Reds is a 1981 American epic film that was co-written, produced, directed by and starred Warren Beatty. It centers on the life and career of John Reed, the revolutionary communist, journalist, and writer who chronicled the Russian Revolution in his book Ten Days that Shook the World. Beatty stars in the lead role alongside Diane Keaton, who plays Reed's wife Louise Bryant, and Jack Nicholson as Eugene O'Neill. Stephen Sondheim composed music for the film.The first half of the film chronicles the early life of Reed and Bryant, their often troubling relationship, and their experiences reporting on the Communist revolution in Russia. The second part of the film takes place shortly after the publication of Ten Days. Inspired by the idealism of the Revolution, Reed attempts to bring the spirit of Communism to the United States, because he is disillusioned with the policies imposed upon Communist Russia by Grigory Zinoviev and the Bolsheviks.The most significant aspect of the film is a documentary enhancement – interviews with a number of venerable "witnesses", who may have known Reed, whose recollections of the period help to set the scene, bridge transitions and preserve a touching human perspective of these times. To gain perspective on the lives of Reed and Bryant, Beatty began filming the "witnesses" as early as 1971. Some of them are very well known, others less so. It is also noted, on a side note that this movie was released as as a sympathetic portrait of a well-known American communist (though it does point out Reed's flaws instead of bordering on Historical Hero Upgrade) in the very same year that Republican Ronald Reagan became president.The film was released on December 4, 1981 to critical acclaim. Despite its political subject matter and limited promotion (mostly by Beatty himself), the film became the tenth highest grossing picture of 1981, taking in $50,000,000 in the United States.Beatty won the Academy Award for Best Director for the film. Reds was also nominated for Best Picture, but lost to Chariots of Fire. Beatty and Diane Keaton were nominated for Best Actor and Best Actress, but lost to Henry Fonda and Katharine Hepburn in On Golden Pond.In June 2008, the American Film Institute revealed its "Ten Top Ten" – the best ten films in ten "classic" American film genres – after polling over 1,500 people from the creative community. Reds was acknowledged as the ninth best film in the epic genre.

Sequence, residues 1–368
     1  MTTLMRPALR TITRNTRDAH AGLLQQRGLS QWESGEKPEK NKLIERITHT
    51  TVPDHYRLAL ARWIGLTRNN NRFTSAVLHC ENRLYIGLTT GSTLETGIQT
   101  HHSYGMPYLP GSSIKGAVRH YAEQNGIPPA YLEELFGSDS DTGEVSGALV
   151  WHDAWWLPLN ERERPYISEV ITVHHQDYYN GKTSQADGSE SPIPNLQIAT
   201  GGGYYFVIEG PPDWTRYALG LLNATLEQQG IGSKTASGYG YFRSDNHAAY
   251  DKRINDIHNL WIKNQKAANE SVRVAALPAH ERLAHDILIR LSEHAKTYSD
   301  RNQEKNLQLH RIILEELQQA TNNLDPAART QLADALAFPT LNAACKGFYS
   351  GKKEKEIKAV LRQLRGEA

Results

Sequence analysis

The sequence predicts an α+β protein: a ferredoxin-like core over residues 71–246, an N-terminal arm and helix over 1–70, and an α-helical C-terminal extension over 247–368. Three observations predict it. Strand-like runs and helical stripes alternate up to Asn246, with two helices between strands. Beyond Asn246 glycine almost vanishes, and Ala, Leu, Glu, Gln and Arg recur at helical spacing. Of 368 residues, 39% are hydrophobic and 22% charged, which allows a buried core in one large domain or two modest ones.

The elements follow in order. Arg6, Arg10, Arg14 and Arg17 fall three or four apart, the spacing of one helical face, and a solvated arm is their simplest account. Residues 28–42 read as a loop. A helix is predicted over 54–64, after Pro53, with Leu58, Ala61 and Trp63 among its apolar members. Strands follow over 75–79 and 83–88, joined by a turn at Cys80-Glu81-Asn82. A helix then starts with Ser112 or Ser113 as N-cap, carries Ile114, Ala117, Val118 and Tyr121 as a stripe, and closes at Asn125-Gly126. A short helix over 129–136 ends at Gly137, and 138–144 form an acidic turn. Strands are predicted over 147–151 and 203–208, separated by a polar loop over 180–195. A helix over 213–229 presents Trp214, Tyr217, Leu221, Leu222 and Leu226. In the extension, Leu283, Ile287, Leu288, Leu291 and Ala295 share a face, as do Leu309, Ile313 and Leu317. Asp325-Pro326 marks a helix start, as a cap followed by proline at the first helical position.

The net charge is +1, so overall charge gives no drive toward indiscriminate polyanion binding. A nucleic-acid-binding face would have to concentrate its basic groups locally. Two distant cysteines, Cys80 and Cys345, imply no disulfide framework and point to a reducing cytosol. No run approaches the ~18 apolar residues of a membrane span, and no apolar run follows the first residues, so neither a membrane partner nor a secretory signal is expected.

- Bad Bad Acting: An example of this with Louise's terrible acting in one of Eugene O'Neill's plays. In general, Diane Keaton, who plays Louise, is the master of this trope.
- California Doubling: The film was mainly shot in England, where none of it takes place. As a result of Beatty being denied permission to film in the U.S.S.R., the Russia scenes were shot in Finland, with Helsinki doubling for Petrograd (present-day St. Petersburg). The scenes set in Baku, Azerbaijan, were shot in Spain.
- Ethical Slut: Louise Bryant becomes one after Reed turns her on to his free love philosophy. For a time, she becomes kind of fundamentalist about it, and Eugene O'Neill makes fun of her about it during their affair. Both she and Jack have trouble remaining true to their slut-ethics over the course of the film, with their jealousy periodically causing one or the other to break off their relationship.
- Foreign Correspondent: John Reed, radical left-wing journalist, who goes to Russia to cover Red October and the Russian Civil War.
- Full-Circle Revolution: Hinted at towards the end. "If Bolshevism means the peasants taking the land, the workers taking the factories, then Russia's one place where there is no Bolshevism," says anarchist Emma Goldman. Reed, however, maintains faith in the Bolshevik cause to the end, pointing out that the absence of stable institutions in Russia and the poor quality of education of the peasants would mean that there would need to be centralization by the Revolutionary elite in order to bring any sort of modernisation.
- Intermission: Once considered necessary for films that topped three hours.
- Love Triangle: A messy one between Reed, Bryant, and O'Neill.
- Real Person Cameo: Sort of. Oleg Kerensky plays his own grandfather, Alexander Kerensky, briefly the leader of democratic Russia in 1917.
- Red October: The initial Bolshevik overthrow of the Kerensky government is portrayed very positively, complete with a soaring chorus singing "The Internationale" in Russian. Louise contrasts the Bolsheviks fulfilling their promise to get Russia out of the war with Woodrow Wilson's broken campaign promise to keep the U.S. out of the war. Once the Bolsheviks are in power, however, it gets slightly complicated in that Reed is critical of the Soviet bureaucracy rewriting his speeches, replacing his high-minded ideals with political expediency. Despite this he defends the events and actions to Emma Goldman noting that they have an incredible task and responsibility.
- The Revolution Will Not Be Vilified: The movie does explain very well why many radicals, initially, looked at the Russian Revolution positively. Louise Bryant pointed out that in the Soviet Union, women would be given voting rights which would not yet be a reality in America until 1920. Likewise, Lenin kept his promise to bring Russia out of World War One when she noted that President Wilson promised that America would not enter that war.